The Lyme Disease Debate

Host Biodiversity and Human Disease Risk

Sharon Levy


Environ Health Perspect. 2013;121(4):a120-a125. 

In This Article

Lyme Hosts

Blame for the emergence of both black-legged ticks and Lyme disease has typically focused on deer, which have abundantly repopulated the northeastern and midwestern United States over the last few decades. Yet deer turn out to be immune to infection with Bb;[16] even though they're an important host for ticks, especially in the adult life phase, they don't transmit Lyme disease.

Early research tested the assumption that reducing deer populations would lower the risk of human infection by reducing numbers of infected nymphal ticks searching for a host. The results were mixed. Some studies showed a strong relationship between deer abundance and tick density.[17,18,19] Others, however, reported that tick density was tightly linked with numbers of white-footed mice[20] or small mammalian predators,[21] not deer. Experiments in the Italian Alps reported an increased density of questing nymphs in habitat patches where deer had been fenced out.[22]

In assessing such findings, it is essential to take into account the time scale, says Randolph. "We all know that tick abundance will increase at first in the absence of hosts; they accumulate on the vegetation with no hosts to attach to," she explains. "But later the abundance declines fast as the ticks die and are not replaced through natural reproduction—no hosts to feed adult ticks, no eggs."

A number of studies in Europe and the United States have shown that while some species are competent reservoir hosts for Bb (that is, they're likely to pass Bb along to the ticks that bite them), others are not.[23,24,25,26,27,28,29] In 1990 Durland Fish, an epidemiologist at Yale School of Public Health, coauthored a study in which wild raccoons, striped skunks, opossums, and white-footed mice were held in cages over water pans that collected all the engorged larval ticks that dropped off. In the laboratory, the larval ticks were incubated, and the researchers tracked the numbers that developed successfully into nymphs. They then tallied the percentage of nymphs that carried Bb. Forty percent of the nymphal ticks that had fed on white-footed mice as larvae were infected. The figures for ticks that had fed on raccoons and skunks were much lower. (In the jargon of zoonoses, such animals may be "dilution hosts," meaning they tend to make infection less prevalent in the tick population.) None of the nymphs from larvae that had fed on opossums survived long enough to be tested.[29]


In 2011, the latest year for which statistics are available, 96% of Lyme disease cases were reported in 13 states: Connecticut, Delaware, Maine, Maryland, Massachusetts, Minnesota, New Hampshire, New Jersey, New York, Pennsylvania, Verrmont, Virginia,and Wisconsin.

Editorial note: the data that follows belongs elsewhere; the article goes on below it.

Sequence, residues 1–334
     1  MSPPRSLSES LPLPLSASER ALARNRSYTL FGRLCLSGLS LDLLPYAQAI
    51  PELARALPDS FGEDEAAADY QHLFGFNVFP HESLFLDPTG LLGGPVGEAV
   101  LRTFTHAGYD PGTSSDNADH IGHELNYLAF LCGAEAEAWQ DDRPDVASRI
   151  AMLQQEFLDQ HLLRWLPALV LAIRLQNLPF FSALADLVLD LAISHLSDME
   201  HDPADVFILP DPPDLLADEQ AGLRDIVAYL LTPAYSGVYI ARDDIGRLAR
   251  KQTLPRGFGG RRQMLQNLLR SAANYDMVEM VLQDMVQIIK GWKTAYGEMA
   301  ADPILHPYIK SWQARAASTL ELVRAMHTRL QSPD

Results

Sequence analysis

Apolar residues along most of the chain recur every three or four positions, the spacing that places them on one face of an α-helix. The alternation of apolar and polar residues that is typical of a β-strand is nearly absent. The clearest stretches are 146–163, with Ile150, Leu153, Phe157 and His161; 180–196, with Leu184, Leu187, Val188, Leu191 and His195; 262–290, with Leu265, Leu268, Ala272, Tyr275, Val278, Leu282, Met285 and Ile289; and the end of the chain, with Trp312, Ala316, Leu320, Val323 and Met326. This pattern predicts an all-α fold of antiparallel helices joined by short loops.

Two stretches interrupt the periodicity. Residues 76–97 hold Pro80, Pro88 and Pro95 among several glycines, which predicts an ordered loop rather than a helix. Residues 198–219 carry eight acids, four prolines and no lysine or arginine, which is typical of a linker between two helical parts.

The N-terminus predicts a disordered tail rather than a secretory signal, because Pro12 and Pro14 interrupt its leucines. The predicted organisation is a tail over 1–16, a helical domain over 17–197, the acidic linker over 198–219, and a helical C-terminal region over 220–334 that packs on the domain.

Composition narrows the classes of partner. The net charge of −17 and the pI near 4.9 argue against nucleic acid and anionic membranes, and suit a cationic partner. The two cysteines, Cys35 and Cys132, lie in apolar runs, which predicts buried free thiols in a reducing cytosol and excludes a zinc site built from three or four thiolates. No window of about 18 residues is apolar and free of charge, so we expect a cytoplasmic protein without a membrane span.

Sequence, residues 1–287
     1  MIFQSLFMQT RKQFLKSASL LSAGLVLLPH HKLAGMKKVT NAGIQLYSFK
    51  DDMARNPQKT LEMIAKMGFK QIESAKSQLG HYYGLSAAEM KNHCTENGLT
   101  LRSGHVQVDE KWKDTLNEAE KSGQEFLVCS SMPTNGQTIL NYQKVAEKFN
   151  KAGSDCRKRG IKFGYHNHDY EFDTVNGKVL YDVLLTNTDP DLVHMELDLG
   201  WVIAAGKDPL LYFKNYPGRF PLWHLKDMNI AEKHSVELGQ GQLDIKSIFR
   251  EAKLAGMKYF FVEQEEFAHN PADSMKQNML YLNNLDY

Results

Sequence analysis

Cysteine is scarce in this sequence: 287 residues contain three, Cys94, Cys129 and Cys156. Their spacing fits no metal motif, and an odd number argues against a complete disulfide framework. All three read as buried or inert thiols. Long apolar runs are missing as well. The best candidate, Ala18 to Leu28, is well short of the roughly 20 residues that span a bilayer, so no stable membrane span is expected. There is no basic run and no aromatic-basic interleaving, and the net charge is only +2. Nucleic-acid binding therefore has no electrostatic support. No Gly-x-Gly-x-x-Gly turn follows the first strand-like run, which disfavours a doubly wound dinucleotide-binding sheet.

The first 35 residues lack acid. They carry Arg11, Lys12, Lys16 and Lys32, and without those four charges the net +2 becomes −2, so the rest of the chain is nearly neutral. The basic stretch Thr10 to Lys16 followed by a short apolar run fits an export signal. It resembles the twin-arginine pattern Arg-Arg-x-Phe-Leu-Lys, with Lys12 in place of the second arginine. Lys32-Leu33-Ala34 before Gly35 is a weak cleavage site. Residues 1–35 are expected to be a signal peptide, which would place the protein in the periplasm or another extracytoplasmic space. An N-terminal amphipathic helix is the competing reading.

The relationship between forest fragmentation, biodiversity, and human risk of Lyme disease is still under debate—at least two research groups have shown that the density of Bb-infected ticks increased as habitat size shrank, yet one study showed that human infection rates went down at the same time. The role of urban-adapted "dilution hosts" such as raccoons and opossums remains unclear.

In later work Richard Ostfeld, a disease ecologist at the Cary Institute of Ecosystem Studies in Millbrook, New York, and his colleagues conducted a similar experiment with larval ticks collected from white-footed mice, chipmunks, deer, and four species of songbirds. They found white-footed mice to be much more competent reservoir hosts than the other species tested.[30] In separate work they also reported shrews to be highly competent reservoir hosts for Bb.[31]

In a study led by Felicia Keesing, a biologist at Bard College, the team captured six species of forest animals, held them in the laboratory long enough for any ticks they'd picked up in the wild to detach, and then reinfested them with tick larvae. They found that while almost half the larval ticks placed on white-footed mice fed to repletion, only 3.5% of those on opossums fed successfully.[32] Veeries, catbirds, chipmunks, and squirrels fell between these two extremes as tick hosts. The authors noted that confinement of the animals to the laboratory could have affected their grooming behavior, potentially biasing the results. They also acknowledged they could not control for prior exposure to ticks, which can result in an immune response that affects the survival of later feeders.